The ambition of every leader in education is to meaningfully improve our students’ outcomes. This is particularly important at a time when school budgets are under increasing pressure, meaning we often have to support teaching and learning using the resources we already have.
However, the answer is deceptively simple - and most school leaders are aware of it, but may not know how to harness its power. While extra funding is always welcome, the solution to improving teaching and learning may well lie in a change of attitude... and a dose of extra creativity.
By developing students’ learning habits and thinking skills, school leaders can essentially help them think better. This establishes a foundation for better learning and helps deliver improved outcomes in the long term.
Metacognition, or ‘thinking about thinking’, has been shown to be a key factor in increasing a student’s potential.
At the Thinking Schools Academy Trust (TSAT), we believe that the best way to transform life chances is to actively shape the minds, attitudes and habits of young people using a framework of cognitive education.
Some of the ideas underlying this framework date back thousands of years - Aristotle once said that “You are what you repeatedly do. Excellence, then, is not an act, but a habit.” But the application to multi-academy trusts is new. Our approach enables students to consciously recognise their own habits, strengths, and areas for development, and actively seek to improve themselves - thereby creating transformational change.
One of the key ways in which we foster this is by encouraging close collaboration between Primary and Secondary schools.
A recent successful example was when Year 10 students from The Victory Academy and Year 5 students from Cedar Children’s Academy worked together to create a storybook called The 6 Seeds of Cedar.
Inspired by Dr Seuss, with original characters brought to life in beautiful illustrations, the book is a resource designed to promote student engagement and critical thinking across all TSAT schools. It unites creativity with cognitive techniques, to instil positive habits of mind.
The “6 Seeds” represent six key critical thinking skills: persisting, managing impulsivity, listening with understanding and empathy, questioning and posing problems, applying past knowledge to new situations, and taking responsible risks.
For two hours each week, the Year 5 students were introduced to the more advanced learning habits of the Year 10s - or, as they refer to them, “Victory Virtues”. Having older role models in these lessons was inspirational for the Cedar students, who could learn from those who are further along their thinking skills journey.
The younger pupils were not the only ones to grow and benefit from the experience, as the Year 10 students were able to further their understanding of the Victory Virtues by taking on the responsibility of sharing knowledge with a younger audience. Both groups of students emerged proud of and empowered by the finished book.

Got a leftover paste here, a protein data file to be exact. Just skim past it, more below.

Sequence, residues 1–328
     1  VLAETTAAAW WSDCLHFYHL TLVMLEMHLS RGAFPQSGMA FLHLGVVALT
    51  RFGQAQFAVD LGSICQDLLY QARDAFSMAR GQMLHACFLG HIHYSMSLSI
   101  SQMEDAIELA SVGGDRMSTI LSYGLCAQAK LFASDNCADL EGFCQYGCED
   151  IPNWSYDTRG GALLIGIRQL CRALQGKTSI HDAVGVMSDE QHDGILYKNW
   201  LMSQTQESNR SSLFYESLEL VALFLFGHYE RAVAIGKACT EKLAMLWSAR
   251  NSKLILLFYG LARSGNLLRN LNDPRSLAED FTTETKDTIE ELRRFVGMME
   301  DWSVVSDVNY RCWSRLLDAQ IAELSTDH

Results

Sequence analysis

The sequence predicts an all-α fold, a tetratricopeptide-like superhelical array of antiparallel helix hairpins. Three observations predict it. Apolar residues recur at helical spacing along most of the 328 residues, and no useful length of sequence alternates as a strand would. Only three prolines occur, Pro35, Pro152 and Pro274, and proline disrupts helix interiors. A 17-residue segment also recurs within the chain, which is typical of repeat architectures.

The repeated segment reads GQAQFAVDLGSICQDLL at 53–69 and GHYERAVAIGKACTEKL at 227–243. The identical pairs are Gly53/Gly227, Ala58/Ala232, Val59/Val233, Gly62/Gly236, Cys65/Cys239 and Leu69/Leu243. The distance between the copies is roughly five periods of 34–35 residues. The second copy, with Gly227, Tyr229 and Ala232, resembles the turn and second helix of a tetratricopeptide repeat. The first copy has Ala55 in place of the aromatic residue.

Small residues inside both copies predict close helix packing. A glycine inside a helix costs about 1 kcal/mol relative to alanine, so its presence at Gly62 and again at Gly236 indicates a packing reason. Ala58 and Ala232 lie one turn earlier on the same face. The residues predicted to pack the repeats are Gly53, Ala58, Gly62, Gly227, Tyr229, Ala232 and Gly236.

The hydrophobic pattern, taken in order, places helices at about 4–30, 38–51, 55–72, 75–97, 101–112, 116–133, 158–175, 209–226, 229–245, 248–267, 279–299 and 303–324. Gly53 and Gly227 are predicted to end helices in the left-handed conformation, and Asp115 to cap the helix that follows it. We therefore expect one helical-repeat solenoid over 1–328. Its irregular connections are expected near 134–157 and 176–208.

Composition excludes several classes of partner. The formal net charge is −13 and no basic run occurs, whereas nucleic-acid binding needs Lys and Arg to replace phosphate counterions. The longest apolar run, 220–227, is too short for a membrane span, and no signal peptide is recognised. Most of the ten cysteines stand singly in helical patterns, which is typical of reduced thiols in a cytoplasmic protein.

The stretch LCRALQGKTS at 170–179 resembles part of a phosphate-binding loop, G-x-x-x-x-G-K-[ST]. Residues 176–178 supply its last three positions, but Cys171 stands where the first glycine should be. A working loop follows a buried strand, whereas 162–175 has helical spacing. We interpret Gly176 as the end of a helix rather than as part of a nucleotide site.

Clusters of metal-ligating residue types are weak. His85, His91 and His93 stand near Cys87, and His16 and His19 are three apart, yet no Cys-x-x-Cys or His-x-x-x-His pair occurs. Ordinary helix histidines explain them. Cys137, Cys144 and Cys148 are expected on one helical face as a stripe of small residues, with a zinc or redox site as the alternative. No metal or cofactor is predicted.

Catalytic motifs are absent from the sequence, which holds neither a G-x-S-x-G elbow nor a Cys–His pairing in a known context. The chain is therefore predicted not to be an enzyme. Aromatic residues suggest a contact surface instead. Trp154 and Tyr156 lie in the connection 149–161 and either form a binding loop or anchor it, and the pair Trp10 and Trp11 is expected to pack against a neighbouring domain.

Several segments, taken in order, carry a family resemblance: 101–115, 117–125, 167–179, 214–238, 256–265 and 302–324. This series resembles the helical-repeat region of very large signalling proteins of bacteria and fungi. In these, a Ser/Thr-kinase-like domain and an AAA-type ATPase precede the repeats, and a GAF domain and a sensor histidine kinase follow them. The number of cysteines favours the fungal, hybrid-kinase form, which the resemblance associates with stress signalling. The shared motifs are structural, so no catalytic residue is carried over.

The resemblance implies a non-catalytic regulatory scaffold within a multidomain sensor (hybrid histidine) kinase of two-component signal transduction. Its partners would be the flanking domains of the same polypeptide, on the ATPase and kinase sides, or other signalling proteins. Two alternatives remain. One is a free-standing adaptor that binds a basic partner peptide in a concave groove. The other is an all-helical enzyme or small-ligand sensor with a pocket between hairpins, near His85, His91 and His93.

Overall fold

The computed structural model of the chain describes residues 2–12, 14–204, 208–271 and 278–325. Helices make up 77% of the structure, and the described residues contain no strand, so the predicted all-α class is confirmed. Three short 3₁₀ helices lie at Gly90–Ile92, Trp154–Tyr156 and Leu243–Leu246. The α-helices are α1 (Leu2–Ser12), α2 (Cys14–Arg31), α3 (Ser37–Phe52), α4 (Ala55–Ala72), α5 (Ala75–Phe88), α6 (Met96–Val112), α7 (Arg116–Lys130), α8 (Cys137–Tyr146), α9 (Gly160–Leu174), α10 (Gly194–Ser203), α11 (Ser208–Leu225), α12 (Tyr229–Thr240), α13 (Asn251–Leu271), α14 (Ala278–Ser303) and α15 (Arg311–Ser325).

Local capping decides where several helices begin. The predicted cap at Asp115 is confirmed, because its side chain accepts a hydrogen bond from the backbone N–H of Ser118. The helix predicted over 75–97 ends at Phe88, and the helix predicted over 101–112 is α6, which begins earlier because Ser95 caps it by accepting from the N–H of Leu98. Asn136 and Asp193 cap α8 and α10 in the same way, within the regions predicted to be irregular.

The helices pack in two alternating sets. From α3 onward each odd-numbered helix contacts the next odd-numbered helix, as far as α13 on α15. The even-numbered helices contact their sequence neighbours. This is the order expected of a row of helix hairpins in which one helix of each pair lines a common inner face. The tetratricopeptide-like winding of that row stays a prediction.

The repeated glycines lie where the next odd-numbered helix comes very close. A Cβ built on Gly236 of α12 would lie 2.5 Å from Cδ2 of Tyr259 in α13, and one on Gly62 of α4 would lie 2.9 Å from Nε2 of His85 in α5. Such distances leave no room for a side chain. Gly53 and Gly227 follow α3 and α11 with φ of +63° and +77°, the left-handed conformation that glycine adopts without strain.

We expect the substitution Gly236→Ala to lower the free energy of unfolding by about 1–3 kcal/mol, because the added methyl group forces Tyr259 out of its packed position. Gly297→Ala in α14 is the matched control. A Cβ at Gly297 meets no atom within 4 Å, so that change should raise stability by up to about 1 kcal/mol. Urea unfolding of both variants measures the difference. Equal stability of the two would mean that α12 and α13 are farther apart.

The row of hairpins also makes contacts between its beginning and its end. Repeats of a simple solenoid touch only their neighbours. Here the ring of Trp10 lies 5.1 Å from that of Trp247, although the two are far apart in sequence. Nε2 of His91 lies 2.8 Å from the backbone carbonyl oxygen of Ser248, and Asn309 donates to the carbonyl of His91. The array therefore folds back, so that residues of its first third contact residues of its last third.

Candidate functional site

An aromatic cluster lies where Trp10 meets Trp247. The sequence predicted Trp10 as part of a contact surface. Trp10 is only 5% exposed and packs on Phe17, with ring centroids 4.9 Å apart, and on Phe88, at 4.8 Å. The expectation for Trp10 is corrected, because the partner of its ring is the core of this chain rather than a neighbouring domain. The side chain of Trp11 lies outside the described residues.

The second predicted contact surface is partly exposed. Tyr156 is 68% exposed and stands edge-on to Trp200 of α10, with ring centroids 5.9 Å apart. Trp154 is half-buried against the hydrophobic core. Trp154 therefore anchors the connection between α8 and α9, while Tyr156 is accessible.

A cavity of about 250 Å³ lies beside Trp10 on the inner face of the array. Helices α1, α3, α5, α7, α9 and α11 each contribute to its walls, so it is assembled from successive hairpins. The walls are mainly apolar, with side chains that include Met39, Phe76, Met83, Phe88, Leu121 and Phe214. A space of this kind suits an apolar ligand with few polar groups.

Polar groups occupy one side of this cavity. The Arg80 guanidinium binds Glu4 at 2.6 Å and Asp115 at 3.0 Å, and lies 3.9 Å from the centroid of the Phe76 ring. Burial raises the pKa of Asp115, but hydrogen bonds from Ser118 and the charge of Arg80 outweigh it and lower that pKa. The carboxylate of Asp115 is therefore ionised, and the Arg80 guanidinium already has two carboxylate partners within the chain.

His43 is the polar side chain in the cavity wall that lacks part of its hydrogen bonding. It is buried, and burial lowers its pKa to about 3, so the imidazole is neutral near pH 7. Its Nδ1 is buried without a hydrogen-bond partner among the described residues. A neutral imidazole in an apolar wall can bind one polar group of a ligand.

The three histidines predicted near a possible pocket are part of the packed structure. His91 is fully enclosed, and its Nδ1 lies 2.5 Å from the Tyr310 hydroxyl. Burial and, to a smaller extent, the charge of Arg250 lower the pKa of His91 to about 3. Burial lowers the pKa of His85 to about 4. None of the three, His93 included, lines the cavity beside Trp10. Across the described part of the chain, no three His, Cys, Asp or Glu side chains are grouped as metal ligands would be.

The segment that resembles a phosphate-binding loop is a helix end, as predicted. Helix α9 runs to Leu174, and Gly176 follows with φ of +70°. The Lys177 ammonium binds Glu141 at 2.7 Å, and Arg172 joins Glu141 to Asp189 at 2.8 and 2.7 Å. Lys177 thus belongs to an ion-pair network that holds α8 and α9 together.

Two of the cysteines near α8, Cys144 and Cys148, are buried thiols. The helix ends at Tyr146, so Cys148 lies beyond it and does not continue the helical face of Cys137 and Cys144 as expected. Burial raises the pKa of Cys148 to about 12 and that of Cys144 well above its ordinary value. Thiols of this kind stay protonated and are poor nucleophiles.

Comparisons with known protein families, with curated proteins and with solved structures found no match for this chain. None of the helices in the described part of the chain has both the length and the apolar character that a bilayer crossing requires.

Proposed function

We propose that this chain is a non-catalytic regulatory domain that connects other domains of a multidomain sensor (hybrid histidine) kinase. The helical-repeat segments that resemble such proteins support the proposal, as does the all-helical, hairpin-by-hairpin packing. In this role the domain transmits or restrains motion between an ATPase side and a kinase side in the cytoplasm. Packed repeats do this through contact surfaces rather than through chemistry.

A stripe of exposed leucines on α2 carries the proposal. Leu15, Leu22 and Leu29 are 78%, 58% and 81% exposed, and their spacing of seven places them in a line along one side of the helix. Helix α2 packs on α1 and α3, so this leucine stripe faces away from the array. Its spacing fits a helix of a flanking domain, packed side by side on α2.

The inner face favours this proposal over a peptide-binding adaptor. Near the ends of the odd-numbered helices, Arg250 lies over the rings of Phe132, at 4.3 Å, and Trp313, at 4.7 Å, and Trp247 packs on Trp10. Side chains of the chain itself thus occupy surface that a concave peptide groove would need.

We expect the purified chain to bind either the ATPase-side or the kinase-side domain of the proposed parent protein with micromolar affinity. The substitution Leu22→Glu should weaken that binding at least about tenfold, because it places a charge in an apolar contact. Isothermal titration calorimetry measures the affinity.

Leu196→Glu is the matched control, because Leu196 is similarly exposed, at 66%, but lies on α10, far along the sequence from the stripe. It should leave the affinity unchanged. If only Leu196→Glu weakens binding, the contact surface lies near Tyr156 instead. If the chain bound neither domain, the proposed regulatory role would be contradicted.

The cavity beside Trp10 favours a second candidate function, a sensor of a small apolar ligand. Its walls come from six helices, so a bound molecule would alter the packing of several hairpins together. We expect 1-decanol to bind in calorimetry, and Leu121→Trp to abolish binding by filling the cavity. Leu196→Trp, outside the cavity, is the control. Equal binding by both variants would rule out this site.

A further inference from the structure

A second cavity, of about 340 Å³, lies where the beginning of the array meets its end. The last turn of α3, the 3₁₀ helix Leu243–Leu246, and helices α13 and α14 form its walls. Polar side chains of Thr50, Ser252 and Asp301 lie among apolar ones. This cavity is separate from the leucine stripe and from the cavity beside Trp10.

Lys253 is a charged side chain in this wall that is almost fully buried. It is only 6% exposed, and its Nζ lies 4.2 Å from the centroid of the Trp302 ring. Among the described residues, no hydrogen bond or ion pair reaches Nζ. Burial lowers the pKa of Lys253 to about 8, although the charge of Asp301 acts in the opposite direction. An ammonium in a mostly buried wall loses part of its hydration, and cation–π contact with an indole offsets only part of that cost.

This collaboration between students of different ages has offered a brilliant opportunity for improving students’ critical thinking skills, using a more creative approach to making the most of the resources we already have.
It has also demonstrated the growing understanding of the cognitive processes involved in learning, and the value of applying neuroscience to our approaches to teaching and learning.
The challenge for school leaders has always been how to make metacognition and neuroscience work consistently at a whole-school level, to generate the impact we know it can have. The 6 Seeds project has done just that.
The book will now be part of the framework for future curricula at Cedar, and its authors will impart their knowledge of the 6 Seeds to their fellow pupils. These 6 Seeds will be planted in Reception, and through lessons tailored to different ages throughout students’ academic careers, pupils will head to Secondary school reflective about their own habits of mind and prepared for what is to come.
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There has been a recent twitter exploration on deep understanding led by Peter Skillen, of www.plpnetwork.com. The thrust of the debate centred on the ways in which we can support pupils move from 'novice' learning to 'expert' learning. Skillen paints a picture of the novice learner as one that is unable to plan, monitor and reflect on their learning.
With respect to metacognitive strengths, this might be the pupil that has poor procedural, declarative or conditional knowledge. If we look at this in terms of the way pupils interact with SOLO, then we may be looking at pupils who fail to go beyond the pre or unistructural stages. Alternatively the novice learner may equally describe a pupil who moves too quickly to the relational stage without the requisite uni and multistructural development.
Photo credit: estoril